Agriculture
Chicken Eggs as Drug Factories
Keeping Bugs Away from Food
Silk’s superpowers
Amphibians
Salamanders
Toads
Bullfrogs
Animals
Cool Penguins
Insects Take a Breather
Roach Love Songs
Behavior
Fish needs see-through head
The Colorful World of Synesthesia
Dino-bite!
Birds
Woodpecker
Peafowl
Ospreys
Chemistry and Materials
Watching out for vultures
Salt secrets
Atomic Drive
Computers
A Light Delay
The science of disappearing
Galaxies on the go
Dinosaurs and Fossils
Hunting by Sucking, Long Ago
A Dino King's Ancestor
Big Fish in Ancient Waters
E Learning Jamaica
Results of GSAT are in schools this week
2014 GSAT Results for Jamaican Kids
E Learning in Jamaica WIN PRIZES and try our Fun Animated Games
Earth
Giving Sharks Safe Homes
Plastic-munching microbes
Getting the dirt on carbon
Environment
The Best Defense Is a Good Snow Fence
Pollution Detective
Whale Watch
Finding the Past
Prehistoric Trips to the Dentist
Stone Age Sole Survivors
Writing on eggshells
Fish
Parrotfish
Flashlight Fishes
Saltwater Fish
Food and Nutrition
Recipe for Health
The Color of Health
Symbols from the Stone Age
GSAT English Rules
Problems with Prepositions
Who vs. Whom
Finding Subjects and Verbs
GSAT Exam Preparation Jamaica
GSAT Exam Preparation
Results of GSAT are in schools this week
E Learning in Jamaica WIN PRIZES and try our Fun Animated Games
GSAT Exams Jamaica Scholarships
42,000 students will sit for the GSAT Exam in two weeks
Access denied - Disabled boy aces GSAT
Results of GSAT are in schools this week
GSAT Mathematics
Setting a Prime Number Record
How a Venus Flytrap Snaps Shut
Math is a real brain bender
Human Body
Dreaming makes perfect
Surviving Olympic Heat
Tapeworms and Drug Delivery
Invertebrates
Snails
Crustaceans
Sea Urchin
Mammals
Gazelle
Quolls
Wolves
Parents
Raise a Lifelong Reader by Reading Aloud
Choosing a Preschool: What to Consider
Expert report highlights the importance to parents of reading to children!
Physics
Project Music
Einstein's Skateboard
Black Hole Journey
Plants
When Fungi and Algae Marry
Underwater Jungles
Seeds of the Future
Reptiles
Garter Snakes
Iguanas
Crocodilians
Space and Astronomy
Icy Red Planet
A Very Distant Planet Says "Cheese"
Planets on the Edge
Technology and Engineering
Smart Windows
A Clean Getaway
Musclebots Take Some Steps
The Parts of Speech
Countable and Uncountable Nouns
Pronouns
What is a Preposition?
Transportation
Ready, unplug, drive
How to Fly Like a Bat
Troubles with Hubble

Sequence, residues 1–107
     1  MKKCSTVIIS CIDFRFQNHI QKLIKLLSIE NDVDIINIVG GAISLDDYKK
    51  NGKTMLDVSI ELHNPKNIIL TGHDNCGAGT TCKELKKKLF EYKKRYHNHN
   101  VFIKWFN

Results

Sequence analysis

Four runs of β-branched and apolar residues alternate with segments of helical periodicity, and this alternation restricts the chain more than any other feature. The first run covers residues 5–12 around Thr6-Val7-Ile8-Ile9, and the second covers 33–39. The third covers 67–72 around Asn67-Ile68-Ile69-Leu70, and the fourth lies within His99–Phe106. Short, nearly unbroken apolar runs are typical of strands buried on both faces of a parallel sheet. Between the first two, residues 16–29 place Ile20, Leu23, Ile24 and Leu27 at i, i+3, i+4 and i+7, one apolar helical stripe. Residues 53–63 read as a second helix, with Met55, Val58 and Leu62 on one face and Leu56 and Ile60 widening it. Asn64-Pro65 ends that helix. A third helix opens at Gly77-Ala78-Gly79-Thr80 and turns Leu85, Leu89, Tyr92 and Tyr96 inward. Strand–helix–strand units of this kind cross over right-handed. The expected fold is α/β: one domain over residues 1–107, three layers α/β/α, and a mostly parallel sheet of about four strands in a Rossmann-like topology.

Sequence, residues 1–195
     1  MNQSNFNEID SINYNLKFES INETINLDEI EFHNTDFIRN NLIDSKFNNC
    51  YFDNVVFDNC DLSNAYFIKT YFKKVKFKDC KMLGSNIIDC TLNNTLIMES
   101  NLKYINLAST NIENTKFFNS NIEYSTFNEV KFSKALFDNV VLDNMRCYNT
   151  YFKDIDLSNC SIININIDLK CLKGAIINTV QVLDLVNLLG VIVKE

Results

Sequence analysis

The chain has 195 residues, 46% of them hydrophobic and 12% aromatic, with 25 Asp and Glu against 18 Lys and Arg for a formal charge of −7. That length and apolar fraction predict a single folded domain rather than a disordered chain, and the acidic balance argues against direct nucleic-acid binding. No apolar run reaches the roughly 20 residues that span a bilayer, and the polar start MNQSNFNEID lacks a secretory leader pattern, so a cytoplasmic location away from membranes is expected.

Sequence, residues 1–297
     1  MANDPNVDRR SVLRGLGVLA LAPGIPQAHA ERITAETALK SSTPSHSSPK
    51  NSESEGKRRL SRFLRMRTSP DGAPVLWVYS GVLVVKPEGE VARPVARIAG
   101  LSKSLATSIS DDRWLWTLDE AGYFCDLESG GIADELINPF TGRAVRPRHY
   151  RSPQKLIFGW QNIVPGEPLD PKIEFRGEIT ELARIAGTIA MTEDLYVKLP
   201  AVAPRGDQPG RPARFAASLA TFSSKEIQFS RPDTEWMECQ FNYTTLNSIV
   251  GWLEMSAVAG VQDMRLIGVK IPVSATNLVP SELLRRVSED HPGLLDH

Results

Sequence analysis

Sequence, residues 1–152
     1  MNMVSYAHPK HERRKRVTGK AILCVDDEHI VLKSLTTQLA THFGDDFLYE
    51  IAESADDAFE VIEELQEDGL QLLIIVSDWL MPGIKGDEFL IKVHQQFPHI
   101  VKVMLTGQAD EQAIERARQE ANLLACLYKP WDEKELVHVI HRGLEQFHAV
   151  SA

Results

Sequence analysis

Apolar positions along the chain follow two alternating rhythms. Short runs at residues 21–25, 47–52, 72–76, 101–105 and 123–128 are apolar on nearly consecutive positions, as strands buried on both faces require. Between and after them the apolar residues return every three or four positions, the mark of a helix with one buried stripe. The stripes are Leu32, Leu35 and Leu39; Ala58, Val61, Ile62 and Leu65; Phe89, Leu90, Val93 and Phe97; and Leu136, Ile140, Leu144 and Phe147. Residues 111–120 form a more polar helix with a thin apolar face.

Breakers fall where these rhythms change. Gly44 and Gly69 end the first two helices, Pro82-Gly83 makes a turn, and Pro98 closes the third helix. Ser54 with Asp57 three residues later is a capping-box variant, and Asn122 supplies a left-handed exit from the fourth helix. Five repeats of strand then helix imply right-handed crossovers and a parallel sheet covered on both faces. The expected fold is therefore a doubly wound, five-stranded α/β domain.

Weather
Recipe for a Hurricane
A Dire Shortage of Water
Weekend Weather Really Is Different
Add your Article

Earthworms

Earthworm is the common name for the larger members of the Oligochaeta in the phylum Annelida. Folk names for earthworm include "dew-worm", "night crawler" and "angleworm". Earthworms have a closed circulatory system. They have two main blood vessels that extend through the length of their body: a ventral blood vessel which leads the blood to the posterior end, and a dorsal blood vessel which leads to the anterior end. The dorsal vessel is contractile and pumps blood forward, where it is pumped into the ventral vessel by a series of "hearts" which vary in number in the different taxa. A typical lumbricid will have 5 pairs of hearts. The blood is distributed from the ventral vessel into capillaries on the body wall and other organs and into a vascular sinus in the gut wall where gases and nutrients are exchanged. One often sees earthworms come to the surface in large numbers after a rainstorm. There are two theories for this behavior: The first is that the waterlogged soil has insufficient oxygen for the worms, therefore, earthworms come to the surface to get the oxygen they need and breathe more easily. However, earthworms can survive underwater for several weeks if there is oxygen in it, so this theory is rejected by some. Secondly, the worms may be using the moist conditions on the surface to travel more quickly than they can underground, thus colonizing new areas more quickly. Since the relative humidity is higher during and after rain, they do not become dehydrated. This is a dangerous activity in the daytime, since earthworms die quickly when exposed to direct sunlight with its strong UV content, and are more vulnerable to predators such as birds. Earthworms are hermaphrodites (both female and male organs within the same individual) but generally cannot fertilize their own eggs. They have testes, seminal vesicles and male pores which produce, store and release the sperm, and ovaries and ovipores. However, they also have one or more pairs of spermathecae (depending on the species) that are internal sacs which receive and store sperm from the other worm in copulation. Copulation and reproduction are separate processes in earthworms. The mating pair overlap front ends ventrally and each exchanges sperm with the other. The cocoon, or egg case, is secreted by the clitellum, the external glandular band which is near the front of the worm, but behind the spermathecae. Some indefinite time after copulation, long after the worms have separated, the clitellum secretes the cocoon which forms a ring around the worm. The worm then backs out of the ring, and as it does so, injects its own eggs and the other worm's sperm into it. As the worm slips out, the ends of the cocoon seal to form a vaguely lemon-shaped incubator (cocoon) in which the embryonic worms develop. They emerge as small, but fully formed earthworms, except for sexual structures, which develop later. Some earthworm species are mostly parthenogenetic, in which case the male structures and spermathecae may become abnormal, or missing.

Earthworms
Earthworms








Designed and Powered by HBJamaica.com™